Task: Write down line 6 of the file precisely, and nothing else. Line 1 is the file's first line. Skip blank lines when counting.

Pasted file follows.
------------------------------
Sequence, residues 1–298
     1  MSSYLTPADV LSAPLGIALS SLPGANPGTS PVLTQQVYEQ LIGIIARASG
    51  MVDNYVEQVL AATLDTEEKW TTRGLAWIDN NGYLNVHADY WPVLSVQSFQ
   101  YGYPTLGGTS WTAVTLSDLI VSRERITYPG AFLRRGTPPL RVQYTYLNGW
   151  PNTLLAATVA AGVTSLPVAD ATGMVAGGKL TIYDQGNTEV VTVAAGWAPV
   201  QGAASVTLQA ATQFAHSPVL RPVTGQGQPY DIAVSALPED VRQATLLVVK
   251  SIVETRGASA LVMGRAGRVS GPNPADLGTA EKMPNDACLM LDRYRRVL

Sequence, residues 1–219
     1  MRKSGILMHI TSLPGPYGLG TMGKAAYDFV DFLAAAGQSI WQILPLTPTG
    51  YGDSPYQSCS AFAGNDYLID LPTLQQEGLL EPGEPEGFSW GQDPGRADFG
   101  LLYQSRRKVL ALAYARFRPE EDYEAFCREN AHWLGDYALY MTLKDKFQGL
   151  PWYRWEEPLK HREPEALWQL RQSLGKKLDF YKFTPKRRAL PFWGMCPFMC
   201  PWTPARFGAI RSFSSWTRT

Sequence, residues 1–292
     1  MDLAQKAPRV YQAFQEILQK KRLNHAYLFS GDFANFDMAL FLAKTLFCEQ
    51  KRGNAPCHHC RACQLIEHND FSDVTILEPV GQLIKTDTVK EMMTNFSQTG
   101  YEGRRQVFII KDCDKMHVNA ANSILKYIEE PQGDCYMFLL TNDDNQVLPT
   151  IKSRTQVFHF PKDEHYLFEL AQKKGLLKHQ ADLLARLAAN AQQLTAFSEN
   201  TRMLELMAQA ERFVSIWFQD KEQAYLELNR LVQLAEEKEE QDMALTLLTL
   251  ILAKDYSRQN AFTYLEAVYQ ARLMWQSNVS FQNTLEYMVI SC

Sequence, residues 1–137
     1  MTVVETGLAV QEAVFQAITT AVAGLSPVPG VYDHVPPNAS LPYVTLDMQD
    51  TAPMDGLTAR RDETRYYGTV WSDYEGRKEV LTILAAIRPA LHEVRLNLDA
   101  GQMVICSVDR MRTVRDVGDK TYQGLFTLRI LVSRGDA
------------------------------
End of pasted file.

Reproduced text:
   201  QGAASVTLQA ATQFAHSPVL RPVTGQGQPY DIAVSALPED VRQATLLVVK